American Studies
American Studies

Kate Grover

Doctoral Student
Kate Grover



American musical cultures and communities, 20th and 21st century cultural history, critical race and gender studies, feminist histories and practice, popular culture studies, performance studies, media studies, women in rock culture, the 1990s, historical memory and meaning-making processes, fandom, nostalgia, the politics of taste, stardom and celebrity studies, "cool"/"coolness" in the US.


Kate Grover is a doctoral student from Phoenix, Arizona. Her research and writing centers on gender and popular music with a focus on moments of feminist resistance in 20th and 21st century rock culture.  

Kate received her MA in American Studies from the University of Texas in 2018. For her Master's project on the Chicago Women's Liberation Rock Band (CWLRB), a feminist collective that performed nationwide between 1970 and 1973, Kate conducted archival research at the Chicago History Museum and oral history interviews with former band members. Kate presented her Master's research at the 2018 Pop Conference in Seattle and will also present on "The Chicago Women's Liberation Rock Band and Emergences of Rock and Roll Feminism" at the upcoming American Studies Association meeting in Atlanta. 

Before moving to Austin, Kate studied at Tulane University where she was one of twenty undergraduate women selected to participate in the third cohort of Tulane's Newcomb Scholars Program. While working on her own interdisciplinary research, Kate edited submissions to Women Leading Change, the Newcomb College Institute's journal of case studies on women and leadership, and organized the 2015 Newcomb Scholars research symposium. She received her BA in American Studies and English in 2015, and her honors thesis examining 1990's women rock artists' use of confessional lyricism won both the English Department's American Literature Award and the School of Liberal Arts Top Honors Scholar distinction for best senior thesis in American Studies.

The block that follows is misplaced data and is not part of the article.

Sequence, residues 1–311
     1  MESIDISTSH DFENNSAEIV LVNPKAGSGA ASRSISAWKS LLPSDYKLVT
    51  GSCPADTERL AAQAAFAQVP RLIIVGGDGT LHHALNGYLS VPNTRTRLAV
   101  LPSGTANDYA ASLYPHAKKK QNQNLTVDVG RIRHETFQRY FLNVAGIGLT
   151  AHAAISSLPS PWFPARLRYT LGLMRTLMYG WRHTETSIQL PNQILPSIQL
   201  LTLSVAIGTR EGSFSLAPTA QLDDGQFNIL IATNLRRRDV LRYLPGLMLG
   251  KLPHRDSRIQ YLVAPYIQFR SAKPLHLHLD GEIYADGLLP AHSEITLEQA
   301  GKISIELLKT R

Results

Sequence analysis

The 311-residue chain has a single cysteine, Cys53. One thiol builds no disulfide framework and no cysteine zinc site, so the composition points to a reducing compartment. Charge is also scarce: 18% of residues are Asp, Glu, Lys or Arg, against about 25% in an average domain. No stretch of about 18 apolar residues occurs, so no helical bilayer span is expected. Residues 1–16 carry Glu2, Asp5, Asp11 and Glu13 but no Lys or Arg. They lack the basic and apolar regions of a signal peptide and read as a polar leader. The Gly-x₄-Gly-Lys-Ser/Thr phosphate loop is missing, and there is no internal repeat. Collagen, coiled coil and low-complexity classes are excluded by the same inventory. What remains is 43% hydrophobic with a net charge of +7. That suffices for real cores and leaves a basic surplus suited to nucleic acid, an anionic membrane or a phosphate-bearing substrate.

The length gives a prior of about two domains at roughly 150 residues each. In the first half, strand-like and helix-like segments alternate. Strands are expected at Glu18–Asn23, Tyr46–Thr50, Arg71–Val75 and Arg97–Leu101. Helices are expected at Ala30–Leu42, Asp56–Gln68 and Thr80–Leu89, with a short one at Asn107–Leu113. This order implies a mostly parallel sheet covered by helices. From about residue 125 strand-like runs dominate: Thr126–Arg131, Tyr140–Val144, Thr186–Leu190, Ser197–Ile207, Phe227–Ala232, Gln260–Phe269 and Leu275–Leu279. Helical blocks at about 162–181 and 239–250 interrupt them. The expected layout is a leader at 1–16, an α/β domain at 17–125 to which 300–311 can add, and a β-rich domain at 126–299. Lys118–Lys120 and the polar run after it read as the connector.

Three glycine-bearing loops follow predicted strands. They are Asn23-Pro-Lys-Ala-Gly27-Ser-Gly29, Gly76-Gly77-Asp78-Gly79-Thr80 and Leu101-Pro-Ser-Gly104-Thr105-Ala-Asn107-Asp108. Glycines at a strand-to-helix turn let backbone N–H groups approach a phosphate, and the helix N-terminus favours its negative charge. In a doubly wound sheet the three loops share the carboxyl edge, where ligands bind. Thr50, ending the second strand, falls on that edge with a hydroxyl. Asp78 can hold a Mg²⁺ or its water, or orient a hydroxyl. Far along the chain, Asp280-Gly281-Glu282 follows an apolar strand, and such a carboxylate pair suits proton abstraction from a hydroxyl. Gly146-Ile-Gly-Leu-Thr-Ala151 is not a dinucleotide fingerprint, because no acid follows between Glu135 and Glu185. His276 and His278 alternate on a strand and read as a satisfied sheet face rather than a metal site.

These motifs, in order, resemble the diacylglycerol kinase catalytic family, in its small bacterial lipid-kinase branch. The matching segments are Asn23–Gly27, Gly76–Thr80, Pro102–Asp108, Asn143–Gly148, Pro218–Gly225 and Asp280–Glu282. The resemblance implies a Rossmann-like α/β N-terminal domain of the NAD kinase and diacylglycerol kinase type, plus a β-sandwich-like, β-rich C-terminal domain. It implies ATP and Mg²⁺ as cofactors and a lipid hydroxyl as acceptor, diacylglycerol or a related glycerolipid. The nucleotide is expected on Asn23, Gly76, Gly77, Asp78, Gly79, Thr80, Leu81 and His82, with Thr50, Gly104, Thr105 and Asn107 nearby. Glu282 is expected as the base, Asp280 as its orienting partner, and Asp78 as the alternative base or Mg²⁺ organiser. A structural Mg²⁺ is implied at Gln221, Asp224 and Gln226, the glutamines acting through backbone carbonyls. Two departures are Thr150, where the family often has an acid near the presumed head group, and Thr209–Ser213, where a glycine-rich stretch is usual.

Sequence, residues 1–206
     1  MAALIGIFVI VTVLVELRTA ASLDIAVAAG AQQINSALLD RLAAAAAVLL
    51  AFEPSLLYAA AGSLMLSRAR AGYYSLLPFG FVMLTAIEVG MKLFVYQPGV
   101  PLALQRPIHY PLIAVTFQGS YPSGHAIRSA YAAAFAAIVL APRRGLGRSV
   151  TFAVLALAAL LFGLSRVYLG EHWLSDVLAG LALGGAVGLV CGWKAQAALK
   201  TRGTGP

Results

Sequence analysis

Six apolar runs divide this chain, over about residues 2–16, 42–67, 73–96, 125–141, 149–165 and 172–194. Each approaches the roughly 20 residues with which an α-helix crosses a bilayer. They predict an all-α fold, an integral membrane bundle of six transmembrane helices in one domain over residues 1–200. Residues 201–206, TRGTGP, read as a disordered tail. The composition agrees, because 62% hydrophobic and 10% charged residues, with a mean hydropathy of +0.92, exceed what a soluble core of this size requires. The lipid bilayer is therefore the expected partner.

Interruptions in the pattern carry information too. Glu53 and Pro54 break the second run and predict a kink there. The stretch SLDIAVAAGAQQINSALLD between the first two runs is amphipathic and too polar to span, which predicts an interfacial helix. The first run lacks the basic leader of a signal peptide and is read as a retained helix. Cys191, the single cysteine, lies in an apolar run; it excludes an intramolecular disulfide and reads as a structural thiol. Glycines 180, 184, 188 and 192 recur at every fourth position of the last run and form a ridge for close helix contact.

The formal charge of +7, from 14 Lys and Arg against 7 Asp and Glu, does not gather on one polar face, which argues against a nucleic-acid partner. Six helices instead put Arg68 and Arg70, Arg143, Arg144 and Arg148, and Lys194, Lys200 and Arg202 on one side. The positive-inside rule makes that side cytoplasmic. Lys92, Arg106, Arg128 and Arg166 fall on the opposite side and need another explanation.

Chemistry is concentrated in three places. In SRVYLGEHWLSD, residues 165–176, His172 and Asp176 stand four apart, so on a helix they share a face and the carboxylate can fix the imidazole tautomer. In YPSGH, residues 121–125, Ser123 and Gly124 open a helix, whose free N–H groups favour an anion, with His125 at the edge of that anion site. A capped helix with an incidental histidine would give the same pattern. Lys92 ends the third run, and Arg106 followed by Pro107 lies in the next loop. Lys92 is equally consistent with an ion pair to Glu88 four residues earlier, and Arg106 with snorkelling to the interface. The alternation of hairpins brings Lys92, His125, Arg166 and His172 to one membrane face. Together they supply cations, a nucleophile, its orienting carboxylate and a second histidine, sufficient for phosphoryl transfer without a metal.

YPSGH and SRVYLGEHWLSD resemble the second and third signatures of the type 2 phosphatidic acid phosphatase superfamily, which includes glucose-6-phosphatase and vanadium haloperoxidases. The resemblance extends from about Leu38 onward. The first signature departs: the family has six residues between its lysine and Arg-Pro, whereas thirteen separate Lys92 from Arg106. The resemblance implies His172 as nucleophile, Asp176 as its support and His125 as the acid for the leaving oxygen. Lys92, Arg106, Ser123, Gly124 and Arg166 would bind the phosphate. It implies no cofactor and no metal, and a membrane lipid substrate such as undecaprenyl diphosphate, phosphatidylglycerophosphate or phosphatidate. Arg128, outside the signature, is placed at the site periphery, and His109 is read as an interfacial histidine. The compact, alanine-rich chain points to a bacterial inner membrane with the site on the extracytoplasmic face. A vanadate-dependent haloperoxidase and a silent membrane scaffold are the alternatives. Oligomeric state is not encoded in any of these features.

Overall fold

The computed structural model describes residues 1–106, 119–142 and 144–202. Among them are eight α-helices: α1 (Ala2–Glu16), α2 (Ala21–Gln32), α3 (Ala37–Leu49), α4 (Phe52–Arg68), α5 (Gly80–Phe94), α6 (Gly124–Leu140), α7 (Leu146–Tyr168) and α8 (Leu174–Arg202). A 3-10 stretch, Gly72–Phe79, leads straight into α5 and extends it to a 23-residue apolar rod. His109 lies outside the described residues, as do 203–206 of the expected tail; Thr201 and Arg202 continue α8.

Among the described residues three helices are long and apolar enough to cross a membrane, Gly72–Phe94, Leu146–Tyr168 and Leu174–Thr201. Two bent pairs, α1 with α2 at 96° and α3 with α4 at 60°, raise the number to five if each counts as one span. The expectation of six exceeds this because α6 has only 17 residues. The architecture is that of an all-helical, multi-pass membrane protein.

In addition to her graduate studies, Kate tutors UT student athletes in American Studies, U.S. History, American Literature and writing. Over the past two summers, Kate has served as a Program Assistant for the UT International Office, facilitating customized and intercultural programs such as the UT Austin Fulbright Visiting Scholar Program for Iraq. Kate also volunteers as a camp counselor and "Women Who Rock" workshop leader with Girls Rock Austin, a nonprofit empowering women and girls through music, education, and performance. 


AMS 311S • Rock Music/Representation

30518 • Fall 2019
Meets MWF 11:00AM-12:00PM BUR 436A

What are the “roles” of rock music and culture? Who gets to be a guitar god, and why? Where do artists like Selena, Sister Rosetta Tharpe, and Lady Gaga belong in rock history? What is rock music, and who plays it?

This course considers 20th and 21st century American rock music and culture as a site for ongoing struggles over identity, belonging, and power. Using the framework of “roles,” students will explore how race, class, gender, sexuality, age, and ability have shaped how various groups of people engage with rock music and culture and what insights these engagements provide about “the American experience” over time. While examining rock’s players, students will also consider the roles of different rock media and institutions such as MTV, the Rock and Roll Hall of Fame, and Rolling Stone magazine. Students will analyze music videos, write their own album reviews, and contribute to a weekly class playlist.

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